other end dry for finishing the erasure. Use a clean piece of cotton each time you have occasion to remove any paint.
Varnish is not applied merely for the purpose of securing a highly polished surface, but also as a protection to the underlying coats of color.
Have your paint shop clean before you start varnishing. Allow no open doors, or cracks to conduct a dust laden current of air against the freshly varnished surface.
Let the heat of the shop and that of the varnish be the same, say about 70 degrees. Never have it cold.
After having dusted off the car take the large var- nish brush (23/2 in.) and put the varnish on, but not too thick. Do not fill your brush so heavily that the var- nish will run down the handle while you are working. Just put enough paint on the brush to go over the space easily, and never work all the varnish out of the brush before taking up a fresh brushful.
Do not tickle the surface with short strokes; but brush easily from one side to the other, and then up and down. This is called cross-brushing, and gives uniform depth to the coat, which is just what you want to secure. For all surfaces that can- not be conveniently coated with the big brush, use the %-in. brush. Varnish the moldings or raised portions around the panels the same way in which they run; that is, follow their lines along or around the surfaces they enclose. You can run across them with the big brush, but always finish with the small brush in the way described.
Always finish one section first, if possible. Take a door or a panel and complete it before going on to the next one. Pick out the small areas first and by the time you tackle a big stretch you will have more confidence to handle it.
As you go along, take up any varnish
��Popular Science Monthly
���Putting on the initials of the owner's name in the center of the front automobile door
��that has run or shows a tendency to gather thickly at the edges of the panels, etc. Never miss any spot, however small. If you do, you will just naturally try to patch it, (after the rest of the surface has set) and botch the whole job.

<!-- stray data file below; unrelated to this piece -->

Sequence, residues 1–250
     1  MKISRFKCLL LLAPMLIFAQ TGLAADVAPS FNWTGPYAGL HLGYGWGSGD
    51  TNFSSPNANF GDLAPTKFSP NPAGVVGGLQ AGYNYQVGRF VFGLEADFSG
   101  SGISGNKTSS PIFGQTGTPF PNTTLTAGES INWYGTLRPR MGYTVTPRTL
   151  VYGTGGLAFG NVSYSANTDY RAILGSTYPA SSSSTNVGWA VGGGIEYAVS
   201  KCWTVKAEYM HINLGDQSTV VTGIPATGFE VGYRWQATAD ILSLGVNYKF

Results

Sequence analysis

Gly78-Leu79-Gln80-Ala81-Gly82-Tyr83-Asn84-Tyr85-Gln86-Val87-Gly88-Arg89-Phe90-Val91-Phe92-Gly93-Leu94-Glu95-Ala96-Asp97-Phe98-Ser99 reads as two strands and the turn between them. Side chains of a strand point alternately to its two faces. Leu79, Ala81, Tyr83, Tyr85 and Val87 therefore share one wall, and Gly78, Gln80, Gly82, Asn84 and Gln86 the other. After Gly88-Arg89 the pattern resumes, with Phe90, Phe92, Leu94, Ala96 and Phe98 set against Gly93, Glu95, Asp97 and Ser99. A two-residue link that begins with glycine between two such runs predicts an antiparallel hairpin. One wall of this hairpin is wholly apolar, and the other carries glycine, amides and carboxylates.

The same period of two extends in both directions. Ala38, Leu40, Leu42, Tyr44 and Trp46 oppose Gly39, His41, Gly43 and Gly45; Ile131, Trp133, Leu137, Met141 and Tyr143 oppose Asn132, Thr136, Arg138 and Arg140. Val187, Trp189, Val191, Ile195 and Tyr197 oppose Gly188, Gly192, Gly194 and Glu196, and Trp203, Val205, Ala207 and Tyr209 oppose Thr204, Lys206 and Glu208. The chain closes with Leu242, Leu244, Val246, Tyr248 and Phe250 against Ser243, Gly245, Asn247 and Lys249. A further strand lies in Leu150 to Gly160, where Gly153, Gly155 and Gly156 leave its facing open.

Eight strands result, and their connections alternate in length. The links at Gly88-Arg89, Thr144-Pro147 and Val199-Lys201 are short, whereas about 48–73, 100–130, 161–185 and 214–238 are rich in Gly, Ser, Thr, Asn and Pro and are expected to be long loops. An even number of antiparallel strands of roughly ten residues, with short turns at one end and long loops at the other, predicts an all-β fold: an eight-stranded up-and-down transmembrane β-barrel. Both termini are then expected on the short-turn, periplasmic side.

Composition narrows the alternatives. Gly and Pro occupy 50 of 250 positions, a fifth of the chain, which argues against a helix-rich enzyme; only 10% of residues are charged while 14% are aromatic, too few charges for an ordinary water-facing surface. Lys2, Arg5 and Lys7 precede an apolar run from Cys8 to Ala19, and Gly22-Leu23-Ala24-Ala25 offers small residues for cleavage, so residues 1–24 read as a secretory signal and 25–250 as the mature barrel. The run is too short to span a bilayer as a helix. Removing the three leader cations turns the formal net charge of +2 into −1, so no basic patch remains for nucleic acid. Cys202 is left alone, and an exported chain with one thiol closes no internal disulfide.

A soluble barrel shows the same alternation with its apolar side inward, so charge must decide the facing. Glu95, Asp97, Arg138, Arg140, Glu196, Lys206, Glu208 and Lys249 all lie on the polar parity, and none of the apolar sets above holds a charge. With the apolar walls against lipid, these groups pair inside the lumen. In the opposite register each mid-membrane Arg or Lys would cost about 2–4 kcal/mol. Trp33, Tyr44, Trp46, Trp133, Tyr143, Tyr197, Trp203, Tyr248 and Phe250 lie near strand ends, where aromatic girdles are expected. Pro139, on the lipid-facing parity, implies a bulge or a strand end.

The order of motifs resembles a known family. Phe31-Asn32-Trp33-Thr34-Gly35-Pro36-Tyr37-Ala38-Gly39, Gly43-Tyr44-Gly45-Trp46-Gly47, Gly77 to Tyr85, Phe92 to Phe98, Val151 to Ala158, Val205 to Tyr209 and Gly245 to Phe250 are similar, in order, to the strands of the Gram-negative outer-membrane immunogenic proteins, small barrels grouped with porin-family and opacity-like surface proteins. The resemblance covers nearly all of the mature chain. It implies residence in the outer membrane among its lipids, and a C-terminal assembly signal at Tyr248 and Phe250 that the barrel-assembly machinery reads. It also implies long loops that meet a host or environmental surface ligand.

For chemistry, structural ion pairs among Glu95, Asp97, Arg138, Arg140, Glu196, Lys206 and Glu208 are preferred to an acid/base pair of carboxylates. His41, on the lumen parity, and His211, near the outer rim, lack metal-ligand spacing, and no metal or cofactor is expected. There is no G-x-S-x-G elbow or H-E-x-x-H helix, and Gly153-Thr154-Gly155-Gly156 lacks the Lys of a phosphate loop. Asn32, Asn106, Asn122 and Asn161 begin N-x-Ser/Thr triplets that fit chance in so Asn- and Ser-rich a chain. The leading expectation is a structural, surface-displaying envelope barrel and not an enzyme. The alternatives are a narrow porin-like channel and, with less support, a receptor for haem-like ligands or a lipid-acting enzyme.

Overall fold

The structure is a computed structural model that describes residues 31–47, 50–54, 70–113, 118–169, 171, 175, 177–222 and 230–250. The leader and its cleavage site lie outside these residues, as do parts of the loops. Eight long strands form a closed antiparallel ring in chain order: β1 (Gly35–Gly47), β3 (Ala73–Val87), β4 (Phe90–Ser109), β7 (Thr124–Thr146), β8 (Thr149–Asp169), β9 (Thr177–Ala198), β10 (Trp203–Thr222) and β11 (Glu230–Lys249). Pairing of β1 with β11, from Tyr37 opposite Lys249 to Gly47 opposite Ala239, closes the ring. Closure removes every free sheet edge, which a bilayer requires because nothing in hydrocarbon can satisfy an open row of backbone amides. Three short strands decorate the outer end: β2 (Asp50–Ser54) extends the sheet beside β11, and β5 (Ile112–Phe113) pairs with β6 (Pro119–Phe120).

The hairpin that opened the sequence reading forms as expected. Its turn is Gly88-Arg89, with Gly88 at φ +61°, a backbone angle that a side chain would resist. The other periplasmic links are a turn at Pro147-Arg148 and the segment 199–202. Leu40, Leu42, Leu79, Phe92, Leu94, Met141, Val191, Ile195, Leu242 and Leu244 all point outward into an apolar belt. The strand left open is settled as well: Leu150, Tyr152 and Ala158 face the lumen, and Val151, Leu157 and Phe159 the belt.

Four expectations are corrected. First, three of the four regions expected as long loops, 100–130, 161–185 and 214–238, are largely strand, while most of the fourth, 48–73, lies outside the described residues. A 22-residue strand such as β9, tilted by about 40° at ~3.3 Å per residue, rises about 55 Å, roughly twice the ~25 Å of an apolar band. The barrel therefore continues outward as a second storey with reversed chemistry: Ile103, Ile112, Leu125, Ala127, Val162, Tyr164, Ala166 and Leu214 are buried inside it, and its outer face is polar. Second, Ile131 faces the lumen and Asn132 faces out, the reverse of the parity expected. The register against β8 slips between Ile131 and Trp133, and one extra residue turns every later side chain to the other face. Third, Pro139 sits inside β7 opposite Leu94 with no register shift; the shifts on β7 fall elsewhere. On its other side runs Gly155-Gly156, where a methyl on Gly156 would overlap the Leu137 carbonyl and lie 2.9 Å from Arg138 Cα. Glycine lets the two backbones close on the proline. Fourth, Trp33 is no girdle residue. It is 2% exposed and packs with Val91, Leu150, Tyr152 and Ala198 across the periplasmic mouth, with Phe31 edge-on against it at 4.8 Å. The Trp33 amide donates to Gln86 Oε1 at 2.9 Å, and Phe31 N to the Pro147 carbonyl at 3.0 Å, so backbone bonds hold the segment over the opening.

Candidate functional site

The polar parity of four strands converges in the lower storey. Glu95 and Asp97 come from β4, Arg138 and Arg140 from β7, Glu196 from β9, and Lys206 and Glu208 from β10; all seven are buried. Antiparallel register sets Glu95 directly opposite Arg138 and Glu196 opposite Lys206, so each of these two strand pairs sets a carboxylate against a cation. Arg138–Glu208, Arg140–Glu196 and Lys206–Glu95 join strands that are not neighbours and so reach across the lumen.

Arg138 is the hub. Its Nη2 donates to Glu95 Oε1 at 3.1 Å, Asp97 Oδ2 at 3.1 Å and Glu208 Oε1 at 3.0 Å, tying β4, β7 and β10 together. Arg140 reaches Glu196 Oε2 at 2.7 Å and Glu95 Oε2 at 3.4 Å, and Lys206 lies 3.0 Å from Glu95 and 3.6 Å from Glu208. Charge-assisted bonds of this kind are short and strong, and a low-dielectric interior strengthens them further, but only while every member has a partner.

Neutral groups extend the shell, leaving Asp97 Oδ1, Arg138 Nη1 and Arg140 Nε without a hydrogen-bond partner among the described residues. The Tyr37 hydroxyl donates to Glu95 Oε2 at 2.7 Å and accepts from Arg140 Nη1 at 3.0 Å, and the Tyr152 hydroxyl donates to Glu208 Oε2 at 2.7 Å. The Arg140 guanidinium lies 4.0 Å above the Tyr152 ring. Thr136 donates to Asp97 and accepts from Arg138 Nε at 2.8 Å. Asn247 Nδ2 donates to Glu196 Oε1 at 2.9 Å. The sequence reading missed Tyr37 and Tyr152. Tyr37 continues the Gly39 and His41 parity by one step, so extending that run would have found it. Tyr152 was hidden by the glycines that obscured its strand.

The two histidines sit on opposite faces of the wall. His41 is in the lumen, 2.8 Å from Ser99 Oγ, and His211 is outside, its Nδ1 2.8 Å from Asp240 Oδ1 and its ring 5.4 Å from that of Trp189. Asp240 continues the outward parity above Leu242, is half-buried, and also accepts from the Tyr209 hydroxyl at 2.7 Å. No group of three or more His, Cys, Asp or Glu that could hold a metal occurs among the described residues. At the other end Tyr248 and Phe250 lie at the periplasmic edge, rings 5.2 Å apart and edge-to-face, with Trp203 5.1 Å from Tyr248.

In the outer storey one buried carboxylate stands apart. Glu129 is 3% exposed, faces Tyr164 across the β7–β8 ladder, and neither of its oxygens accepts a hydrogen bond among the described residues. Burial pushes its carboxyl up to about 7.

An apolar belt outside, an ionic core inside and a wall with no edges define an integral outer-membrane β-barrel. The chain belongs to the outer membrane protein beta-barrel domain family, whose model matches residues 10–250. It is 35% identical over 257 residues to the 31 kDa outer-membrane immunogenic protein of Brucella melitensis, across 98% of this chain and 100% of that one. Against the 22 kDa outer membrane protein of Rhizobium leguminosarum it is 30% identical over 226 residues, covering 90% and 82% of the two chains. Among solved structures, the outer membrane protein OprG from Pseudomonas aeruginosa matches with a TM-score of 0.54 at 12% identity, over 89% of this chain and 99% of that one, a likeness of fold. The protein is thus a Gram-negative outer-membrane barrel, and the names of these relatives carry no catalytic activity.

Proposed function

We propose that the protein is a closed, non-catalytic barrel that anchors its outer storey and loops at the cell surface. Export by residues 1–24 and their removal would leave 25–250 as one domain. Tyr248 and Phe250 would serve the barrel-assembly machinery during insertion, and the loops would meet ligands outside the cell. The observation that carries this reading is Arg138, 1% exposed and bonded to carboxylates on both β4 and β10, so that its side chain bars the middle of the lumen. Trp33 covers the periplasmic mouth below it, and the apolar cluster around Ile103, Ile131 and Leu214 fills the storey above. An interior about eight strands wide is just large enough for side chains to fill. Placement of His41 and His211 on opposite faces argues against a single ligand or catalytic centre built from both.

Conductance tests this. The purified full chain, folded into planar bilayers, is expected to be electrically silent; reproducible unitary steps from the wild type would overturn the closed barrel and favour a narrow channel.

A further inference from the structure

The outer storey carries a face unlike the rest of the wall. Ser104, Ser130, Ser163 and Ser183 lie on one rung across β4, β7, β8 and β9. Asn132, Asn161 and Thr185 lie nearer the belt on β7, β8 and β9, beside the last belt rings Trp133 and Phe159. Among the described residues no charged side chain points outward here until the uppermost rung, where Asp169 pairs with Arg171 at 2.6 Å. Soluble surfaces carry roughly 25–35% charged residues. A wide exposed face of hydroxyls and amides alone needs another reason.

In varnishing the wheels, be careful to keep the varnish from running down the spokes and settling thickly between them where they enter the hub. After varnishing the rim, spin the wheel easily, holding the brush lightly against it to smooth out and join the laps on the rim. Finish the hub in the same manner.
When the job looks right, surfaces evenly covered, no thick places at the edges, and all places coated, put your brush away arvd leave the car alone. Stand the hood cover on its edge so that the dropping dust will not fall on it. Lay a board sup- ported on two tres- tles over the mud- guards for the same purpose, or use an adjustable shield. Allow plenty of time for the last coat of varnish to dry. Let it stand for two or three days at least. When thoroughly dry, wash it with clean, cold water, dry with a soft chamois and the car is ready for use. You may possibly have some trouble in mixing your priming coat. Better mix it a day or two before you begin work. This will give you a chance to try it on the sur- face, for drying and hardening qualities. Don't get it thick. It may need a little more Japan to harden it or turpentine to thin it out, but it will not require any additional oil. Keep it in a tightly topped can, and it will be all right when needed. Good coach putty should dry hard, and stand sandpapering without scaling or softening. One authority suggests a putty composed of 3 parts whiting and raw lin- seed oil mixed with 1 part white lead. A little Japan should be added to harden it. This putty must be stiff and well worked up. Another prescription calls for a mix-